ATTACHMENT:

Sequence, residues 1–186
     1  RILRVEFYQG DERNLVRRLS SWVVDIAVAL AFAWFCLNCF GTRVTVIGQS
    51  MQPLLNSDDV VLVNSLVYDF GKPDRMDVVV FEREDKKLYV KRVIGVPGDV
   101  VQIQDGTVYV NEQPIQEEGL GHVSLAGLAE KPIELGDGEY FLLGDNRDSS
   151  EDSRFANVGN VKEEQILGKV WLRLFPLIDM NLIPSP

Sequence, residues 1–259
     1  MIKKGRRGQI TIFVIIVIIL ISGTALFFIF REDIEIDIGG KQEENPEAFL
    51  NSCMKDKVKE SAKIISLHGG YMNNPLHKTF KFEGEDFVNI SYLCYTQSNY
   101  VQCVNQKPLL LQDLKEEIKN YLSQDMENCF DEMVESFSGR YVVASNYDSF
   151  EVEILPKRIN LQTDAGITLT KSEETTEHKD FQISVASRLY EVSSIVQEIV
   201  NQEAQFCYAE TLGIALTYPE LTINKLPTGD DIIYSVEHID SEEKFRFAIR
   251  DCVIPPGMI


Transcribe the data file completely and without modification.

Sequence, residues 1–186
     1  RILRVEFYQG DERNLVRRLS SWVVDIAVAL AFAWFCLNCF GTRVTVIGQS
    51  MQPLLNSDDV VLVNSLVYDF GKPDRMDVVV FEREDKKLYV KRVIGVPGDV
   101  VQIQDGTVYV NEQPIQEEGL GHVSLAGLAE KPIELGDGEY FLLGDNRDSS
   151  EDSRFANVGN VKEEQILGKV WLRLFPLIDM NLIPSP

Sequence, residues 1–259
     1  MIKKGRRGQI TIFVIIVIIL ISGTALFFIF REDIEIDIGG KQEENPEAFL
    51  NSCMKDKVKE SAKIISLHGG YMNNPLHKTF KFEGEDFVNI SYLCYTQSNY
   101  VQCVNQKPLL LQDLKEEIKN YLSQDMENCF DEMVESFSGR YVVASNYDSF
   151  EVEILPKRIN LQTDAGITLT KSEETTEHKD FQISVASRLY EVSSIVQEIV
   201  NQEAQFCYAE TLGIALTYPE LTINKLPTGD DIIYSVEHID SEEKFRFAIR
   251  DCVIPPGMI